Making the turn to Olde Stage, I forced a waffle down my gullet and breathed in as much O2 as I could. The climb loomed.
When I started climbing, I struggled, as did everyone around me. I saw 3 people walking their bikes. People were breathing hard, doing what they had to do to ensure they could make it to the top. I was no different. I barely looked at my cyclometer, but when I saw it, it was 2-3 mph. I made it eventually to the water station, where I refilled my aero bottle with Perform. Then eventually made it to the very top, and prepped myself for the descent.
After you climb Olde Stage, nearly the entire course is downhill. After being limited to 35 mph on the back of Olde Stage, you can throw down the hammer for nearly the entire ride. However, shortly after bombing the hill down, the pack I was in slowed to a near crawl. There was an ambulance there and a rider who was unconscious. It shook a lot of us up, but I recovered and moved on.
Turning back onto 36 for a short bit, then onto Nelson Road. Nelson Road allows a great deal of speed. In our practice ride, we averaged nearly 30 mph on it. However, knowing I had the run still, I pulled it back to about 24. This not only saved my legs, but was still really quick.
Getting back into the res, I felt pretty good about my bike. I felt strong and ready for the run.
Bike Time - 1:23:24
I guess I was due for a bad transition. I forgot my hat and had to turn around and go get it.
T2 time - 2:53
My run was anticipated to be a lot better than last years time. Last years run was hot, humid, and very unpleasant. This year it wasn't too hot yet, the wind was down, and certainly very little humidity.
Mile one was quick, about 9:20. Again, I need to learn how to pace, do I not?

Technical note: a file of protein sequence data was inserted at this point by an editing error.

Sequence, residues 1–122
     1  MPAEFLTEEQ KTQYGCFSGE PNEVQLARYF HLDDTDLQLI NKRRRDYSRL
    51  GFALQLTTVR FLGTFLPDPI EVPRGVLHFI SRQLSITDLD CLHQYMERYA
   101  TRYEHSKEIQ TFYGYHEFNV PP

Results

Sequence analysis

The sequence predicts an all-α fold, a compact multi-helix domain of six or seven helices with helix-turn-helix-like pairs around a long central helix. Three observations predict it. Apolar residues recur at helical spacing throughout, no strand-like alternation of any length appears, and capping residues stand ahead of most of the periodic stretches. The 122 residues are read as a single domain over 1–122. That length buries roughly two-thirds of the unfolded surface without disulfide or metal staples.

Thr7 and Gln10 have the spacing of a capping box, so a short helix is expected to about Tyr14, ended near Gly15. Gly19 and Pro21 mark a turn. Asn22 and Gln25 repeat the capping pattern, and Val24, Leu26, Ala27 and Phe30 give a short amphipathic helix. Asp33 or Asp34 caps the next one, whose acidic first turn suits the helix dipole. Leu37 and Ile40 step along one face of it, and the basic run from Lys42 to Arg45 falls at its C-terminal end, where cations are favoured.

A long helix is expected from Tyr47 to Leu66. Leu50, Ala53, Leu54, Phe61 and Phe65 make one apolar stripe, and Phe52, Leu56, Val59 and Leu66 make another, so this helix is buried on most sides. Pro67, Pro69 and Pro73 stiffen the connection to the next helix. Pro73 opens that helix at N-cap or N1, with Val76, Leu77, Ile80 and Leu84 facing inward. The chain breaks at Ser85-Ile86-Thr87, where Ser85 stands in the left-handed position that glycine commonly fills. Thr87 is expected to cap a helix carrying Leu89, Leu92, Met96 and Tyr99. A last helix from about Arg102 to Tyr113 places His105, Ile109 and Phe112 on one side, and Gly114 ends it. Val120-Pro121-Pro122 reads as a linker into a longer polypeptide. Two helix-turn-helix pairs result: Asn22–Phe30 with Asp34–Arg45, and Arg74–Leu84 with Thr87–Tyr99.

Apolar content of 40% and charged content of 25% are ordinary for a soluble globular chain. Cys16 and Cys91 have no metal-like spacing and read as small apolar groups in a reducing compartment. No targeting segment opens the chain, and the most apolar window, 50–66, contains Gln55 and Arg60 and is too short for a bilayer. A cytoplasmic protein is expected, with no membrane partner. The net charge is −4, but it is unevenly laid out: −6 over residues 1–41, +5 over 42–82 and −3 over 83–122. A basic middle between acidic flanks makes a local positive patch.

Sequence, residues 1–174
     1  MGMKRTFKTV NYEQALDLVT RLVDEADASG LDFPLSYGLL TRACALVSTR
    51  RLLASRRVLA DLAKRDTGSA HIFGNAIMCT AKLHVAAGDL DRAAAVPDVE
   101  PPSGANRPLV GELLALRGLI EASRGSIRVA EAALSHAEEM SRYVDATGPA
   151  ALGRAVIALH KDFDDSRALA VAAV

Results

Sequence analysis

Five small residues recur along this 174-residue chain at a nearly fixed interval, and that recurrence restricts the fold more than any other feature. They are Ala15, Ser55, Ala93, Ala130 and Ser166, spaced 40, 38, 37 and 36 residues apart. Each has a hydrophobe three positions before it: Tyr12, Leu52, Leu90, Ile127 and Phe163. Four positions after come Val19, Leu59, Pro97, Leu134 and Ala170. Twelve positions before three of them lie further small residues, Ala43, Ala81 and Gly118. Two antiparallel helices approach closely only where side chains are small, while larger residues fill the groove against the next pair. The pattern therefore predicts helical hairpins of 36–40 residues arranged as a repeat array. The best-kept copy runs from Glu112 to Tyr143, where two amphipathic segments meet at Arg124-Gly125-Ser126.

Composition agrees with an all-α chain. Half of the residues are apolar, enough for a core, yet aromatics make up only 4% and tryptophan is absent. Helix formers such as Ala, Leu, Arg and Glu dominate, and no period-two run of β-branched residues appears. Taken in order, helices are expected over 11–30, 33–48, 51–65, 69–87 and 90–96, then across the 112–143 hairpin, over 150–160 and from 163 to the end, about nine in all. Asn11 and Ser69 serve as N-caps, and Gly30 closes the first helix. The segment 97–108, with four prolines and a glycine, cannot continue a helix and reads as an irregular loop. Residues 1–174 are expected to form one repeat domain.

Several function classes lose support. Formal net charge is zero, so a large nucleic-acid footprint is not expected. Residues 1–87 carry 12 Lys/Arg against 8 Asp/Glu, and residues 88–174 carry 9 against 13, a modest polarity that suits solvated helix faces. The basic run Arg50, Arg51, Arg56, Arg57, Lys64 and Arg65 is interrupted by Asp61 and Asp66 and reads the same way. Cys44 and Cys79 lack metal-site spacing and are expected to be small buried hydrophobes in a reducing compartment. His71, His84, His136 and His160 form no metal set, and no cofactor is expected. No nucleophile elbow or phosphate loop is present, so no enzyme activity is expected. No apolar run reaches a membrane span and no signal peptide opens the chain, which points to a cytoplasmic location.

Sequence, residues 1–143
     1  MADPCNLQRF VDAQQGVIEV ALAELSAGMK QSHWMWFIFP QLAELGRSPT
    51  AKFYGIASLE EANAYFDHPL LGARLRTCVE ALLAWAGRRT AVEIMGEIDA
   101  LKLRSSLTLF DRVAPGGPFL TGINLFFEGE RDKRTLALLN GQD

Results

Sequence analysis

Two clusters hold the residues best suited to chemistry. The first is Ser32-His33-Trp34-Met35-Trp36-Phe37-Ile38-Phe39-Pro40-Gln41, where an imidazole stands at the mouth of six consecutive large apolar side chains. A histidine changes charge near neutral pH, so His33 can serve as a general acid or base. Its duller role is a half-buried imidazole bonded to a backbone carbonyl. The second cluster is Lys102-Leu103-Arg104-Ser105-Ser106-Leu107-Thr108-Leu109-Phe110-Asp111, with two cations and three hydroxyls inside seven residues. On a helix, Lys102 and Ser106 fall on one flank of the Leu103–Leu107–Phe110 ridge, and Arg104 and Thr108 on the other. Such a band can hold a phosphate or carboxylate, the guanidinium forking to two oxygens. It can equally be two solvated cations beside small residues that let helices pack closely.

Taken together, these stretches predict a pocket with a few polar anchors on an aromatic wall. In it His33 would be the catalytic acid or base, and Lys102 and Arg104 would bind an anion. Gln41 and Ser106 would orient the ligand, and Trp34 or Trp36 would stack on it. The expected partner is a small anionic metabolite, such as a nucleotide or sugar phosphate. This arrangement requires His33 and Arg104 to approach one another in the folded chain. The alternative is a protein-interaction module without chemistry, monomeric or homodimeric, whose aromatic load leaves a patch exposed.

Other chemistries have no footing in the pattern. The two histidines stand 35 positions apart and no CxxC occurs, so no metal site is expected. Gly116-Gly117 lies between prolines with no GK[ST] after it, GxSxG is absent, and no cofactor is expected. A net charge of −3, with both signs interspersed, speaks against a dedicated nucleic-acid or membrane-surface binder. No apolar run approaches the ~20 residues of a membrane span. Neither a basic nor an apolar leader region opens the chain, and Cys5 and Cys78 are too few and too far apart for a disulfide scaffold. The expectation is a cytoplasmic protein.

Mile two was slower, but I was still doing sub-10.
Mile three and four were really blah. Grinding. I started to falter a bit; the lack of distance training catching up to me. I was also chafing badly in my tri suit. Why oh why didn't I body glide??? I chatted with T briefly; she was hurting but doing okay.
Somewhere short of mile 5, I overheard two runners talking and just enjoying conversation. I picked it up a bit to catch up to them. An older guy and a girl just going back and forth, talking about nothing and everything. I was quiet, but just enjoyed hearing them talk. And I found I was able to run better with them. Seems I had found "running buddies".
Eventually the older guy dropped back and the girl and I talked nearly all the way to the finish. The last mile and a half flew by and was quite pleasant. She was my savior that day, and I thanked her for getting me in. She wished me luck at Arizona and we agreed we'd say hi at 70.3.
I crossed the finish line smiling and proud.
Run time - 1:06:18
I was happy with my finishing time. 3:08:53. A dramatic improvement over last year. I ran back into transition to grab T's camera; I wanted to get a shot of her finishing. Unfortunately right when she came down the chute her camera shut off and no shot was taken. Sad day.
We grabbed some post-race food and didn't stick around too long; we hustled back down to Denver, grabbed lunch, and went home to collapse after a good race for both of us.